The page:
The Worst Pet Owner in the World

25 05 2010

Yes, the title refers to me.  Charlie spent part of the weekend running around our 3 acres, but he hasn’t had a proper walk in days.  So today I took him for a walk.  With his day-old stitched neck.  In the rain.  He was wearing a pinch collar.  In my defense, the pinch collar was the only leash option that didn’t come anywhere near his stitches, I put his water-resistant safety vest on him, and he didn’t seem to mind the adventure at all.

In the end, I think I suffered the most.  While trying to keep anything from touching his stitched neck, I clipped the leash to his collar.  To the pinch collar.  To his vest.  I readjusted the vest 20 times in an attempt to get it to protect the stitches from the rain.  I took off the collar.  I unclipped the vest.  I walked with my arm straight above his head to keep the clip on the leash from touching his neck.

Charlie, meanwhile, went about his business of sniffing and peeing.  He probably enjoyed his walk more than usual, since I didn’t dare yank on his leash to drag him away from the smells.

Finally, when it began raining harder, I took a “short cut” home.  This last leg of the trip involved a frantic scramble through bushes that kept coming within one centimeter of Charlie’s wound.

So, we made it.  Cleaned up the blood, dried his fur, fed him dinner, and took note of the lesson I really hope I learned today.

Charlie, sporting a Stoneworks t-shirt to protect the stitches

Yet another effort to protect his wound from his scratching

Among the efforts to protect his stitches that were not documented in this post are the wife-beater tank top and the blaze orange safety vest.  None have been successful at anything but humiliating the poor dog.


Pauvre Chien

23 05 2010

Pity my dog.  Do not pity him because of the wound on his neck; pity him because my deep, abiding affection makes him the victim of many unwanted (unwarranted) ministrations.  Last night, Charlie opened a cyst on his neck, causing clear fluid to run out and enough blood to tinge his white undercoat pink.  The result?  Three frantic phone calls to Jason, who was out for a late dinner with his parents, a phone call to the emergency vet clinic, an hour and a half call to my mother to help me stay calm while waiting for Jason to finish his fish tacos, and two trips to the store for medical supplies.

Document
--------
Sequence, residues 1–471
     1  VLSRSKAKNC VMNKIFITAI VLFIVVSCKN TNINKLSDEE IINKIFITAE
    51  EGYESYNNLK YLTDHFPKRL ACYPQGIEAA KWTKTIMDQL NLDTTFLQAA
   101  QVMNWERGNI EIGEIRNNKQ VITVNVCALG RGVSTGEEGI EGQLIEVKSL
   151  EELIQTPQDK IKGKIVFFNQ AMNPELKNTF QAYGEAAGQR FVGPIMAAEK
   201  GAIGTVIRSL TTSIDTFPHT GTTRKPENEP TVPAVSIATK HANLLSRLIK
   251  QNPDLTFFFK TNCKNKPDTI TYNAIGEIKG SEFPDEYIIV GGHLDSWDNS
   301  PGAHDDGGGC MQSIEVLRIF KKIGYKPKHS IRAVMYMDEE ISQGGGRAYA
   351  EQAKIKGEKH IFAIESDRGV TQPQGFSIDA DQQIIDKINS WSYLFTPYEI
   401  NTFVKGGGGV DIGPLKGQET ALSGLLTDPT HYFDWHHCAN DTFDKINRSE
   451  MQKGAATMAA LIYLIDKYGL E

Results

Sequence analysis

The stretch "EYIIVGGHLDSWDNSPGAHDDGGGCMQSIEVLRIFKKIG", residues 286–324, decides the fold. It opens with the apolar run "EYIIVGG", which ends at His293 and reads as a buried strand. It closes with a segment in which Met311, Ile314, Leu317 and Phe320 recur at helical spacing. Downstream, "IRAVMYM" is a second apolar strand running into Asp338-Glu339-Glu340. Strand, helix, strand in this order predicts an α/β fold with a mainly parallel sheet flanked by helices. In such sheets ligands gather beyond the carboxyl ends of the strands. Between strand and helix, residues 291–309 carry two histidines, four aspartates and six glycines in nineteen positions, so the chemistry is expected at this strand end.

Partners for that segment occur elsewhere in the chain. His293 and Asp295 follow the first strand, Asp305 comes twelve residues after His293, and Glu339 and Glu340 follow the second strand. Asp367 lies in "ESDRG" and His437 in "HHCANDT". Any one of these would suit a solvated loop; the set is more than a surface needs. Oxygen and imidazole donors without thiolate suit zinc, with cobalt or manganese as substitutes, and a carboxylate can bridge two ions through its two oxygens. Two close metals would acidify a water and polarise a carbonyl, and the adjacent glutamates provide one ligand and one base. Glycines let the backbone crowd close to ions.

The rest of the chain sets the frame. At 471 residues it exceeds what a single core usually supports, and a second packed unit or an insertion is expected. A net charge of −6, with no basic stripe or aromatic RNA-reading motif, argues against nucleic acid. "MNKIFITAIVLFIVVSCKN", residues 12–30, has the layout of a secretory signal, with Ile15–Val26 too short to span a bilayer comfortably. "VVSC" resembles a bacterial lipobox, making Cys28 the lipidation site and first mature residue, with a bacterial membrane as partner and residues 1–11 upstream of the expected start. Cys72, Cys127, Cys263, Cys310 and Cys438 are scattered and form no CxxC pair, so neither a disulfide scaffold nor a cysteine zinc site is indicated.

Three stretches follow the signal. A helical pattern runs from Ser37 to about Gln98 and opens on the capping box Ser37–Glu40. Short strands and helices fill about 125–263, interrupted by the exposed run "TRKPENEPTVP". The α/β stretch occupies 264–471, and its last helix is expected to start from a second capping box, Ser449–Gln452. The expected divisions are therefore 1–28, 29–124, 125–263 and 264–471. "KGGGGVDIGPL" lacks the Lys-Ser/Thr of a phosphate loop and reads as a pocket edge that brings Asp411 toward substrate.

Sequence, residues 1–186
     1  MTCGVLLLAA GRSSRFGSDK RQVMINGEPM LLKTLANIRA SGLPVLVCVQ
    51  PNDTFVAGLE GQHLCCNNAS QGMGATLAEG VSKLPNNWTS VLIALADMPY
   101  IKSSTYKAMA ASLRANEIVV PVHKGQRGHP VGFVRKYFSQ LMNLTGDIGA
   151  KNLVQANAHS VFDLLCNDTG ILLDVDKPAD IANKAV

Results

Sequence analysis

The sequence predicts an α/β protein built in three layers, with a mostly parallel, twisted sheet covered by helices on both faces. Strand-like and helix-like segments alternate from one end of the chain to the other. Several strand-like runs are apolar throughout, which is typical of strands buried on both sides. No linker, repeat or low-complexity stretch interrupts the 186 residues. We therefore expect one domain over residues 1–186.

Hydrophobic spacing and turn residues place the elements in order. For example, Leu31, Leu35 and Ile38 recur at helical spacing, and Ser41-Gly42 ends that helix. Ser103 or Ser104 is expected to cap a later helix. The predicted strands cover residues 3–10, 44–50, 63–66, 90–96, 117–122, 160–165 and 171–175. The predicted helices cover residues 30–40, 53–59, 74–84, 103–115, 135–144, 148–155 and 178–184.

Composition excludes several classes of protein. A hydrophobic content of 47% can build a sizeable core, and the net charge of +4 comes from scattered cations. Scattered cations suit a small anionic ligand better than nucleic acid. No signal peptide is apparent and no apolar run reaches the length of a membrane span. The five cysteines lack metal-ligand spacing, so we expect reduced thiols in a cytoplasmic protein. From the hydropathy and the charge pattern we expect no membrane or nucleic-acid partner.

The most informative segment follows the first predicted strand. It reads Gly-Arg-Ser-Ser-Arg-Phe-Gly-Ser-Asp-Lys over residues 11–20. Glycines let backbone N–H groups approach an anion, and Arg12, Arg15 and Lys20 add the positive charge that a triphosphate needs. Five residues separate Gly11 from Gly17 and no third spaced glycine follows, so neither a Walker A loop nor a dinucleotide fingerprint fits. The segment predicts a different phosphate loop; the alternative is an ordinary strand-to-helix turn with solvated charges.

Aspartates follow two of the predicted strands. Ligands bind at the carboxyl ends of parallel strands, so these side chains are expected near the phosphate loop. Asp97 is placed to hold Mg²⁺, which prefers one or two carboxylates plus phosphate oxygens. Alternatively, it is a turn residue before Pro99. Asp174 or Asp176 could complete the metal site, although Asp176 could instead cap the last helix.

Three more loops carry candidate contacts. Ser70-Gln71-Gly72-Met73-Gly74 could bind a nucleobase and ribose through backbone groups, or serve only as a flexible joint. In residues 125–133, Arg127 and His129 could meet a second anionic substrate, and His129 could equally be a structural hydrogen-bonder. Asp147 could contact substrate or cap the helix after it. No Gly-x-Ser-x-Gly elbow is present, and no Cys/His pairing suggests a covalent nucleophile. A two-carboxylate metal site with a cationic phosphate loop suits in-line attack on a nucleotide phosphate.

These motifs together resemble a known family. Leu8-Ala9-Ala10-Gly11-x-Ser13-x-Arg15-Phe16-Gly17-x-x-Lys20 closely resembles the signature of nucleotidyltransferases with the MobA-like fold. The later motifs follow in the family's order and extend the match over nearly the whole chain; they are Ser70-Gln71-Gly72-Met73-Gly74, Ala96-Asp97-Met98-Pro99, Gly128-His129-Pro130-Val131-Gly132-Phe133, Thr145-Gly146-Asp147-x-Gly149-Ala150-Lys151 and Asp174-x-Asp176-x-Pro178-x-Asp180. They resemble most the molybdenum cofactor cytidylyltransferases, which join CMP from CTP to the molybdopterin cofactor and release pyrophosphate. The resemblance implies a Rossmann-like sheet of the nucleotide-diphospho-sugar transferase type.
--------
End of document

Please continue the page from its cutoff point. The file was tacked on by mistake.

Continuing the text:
In my defense, I only called the vet to ask what to use to clean the wound.  I never found out, because, in a surge of panic, the first question I asked was “Am I awful for not bringing him into the clinic straight away?”  To which the receptionist replied, “Yes.”  In shame, I immediately hung up.

Instead of going to the clinic, I went to the nearest store, a discount grocer.  The clerk ringing up my purchase looked at me with concern: “You’re buying a lot of first aid supplies…”  After all that, I had to wait till morning to get the proper wound care items from another store, so I ended up with quite the kit:

rubbing alcohol: $1

hydrogen peroxide: $1

Bactine: $4

Neosporin: $3

5 types of gauze: $10

elastic bandage: $3

medical tape: $2

betadine: $5

sterile saline wound cleanser: $6

Giving my anxiety free reign and full access to my debit card: expensive

And the patient?  Well, he ate heartily, slept soundly, and frolicked enthusiastically about our acreage this morning, snacking on fresh rabbit droppings.  Despite the vet’s dire words about my poor dog’s level of discomfort, Charlie submitted calmly to the shaving of his wound, the flushing out of his wound, and application of a bottle of betadine and whole tube of Neosporin (only brand name medical supplies for this dog) to his neck.

He’s not asking for pain meds, he’s asking to be left alone.  Sadly, that seems to be the one thing I’m unable to give him…

the barely-visible cause of all this drama...

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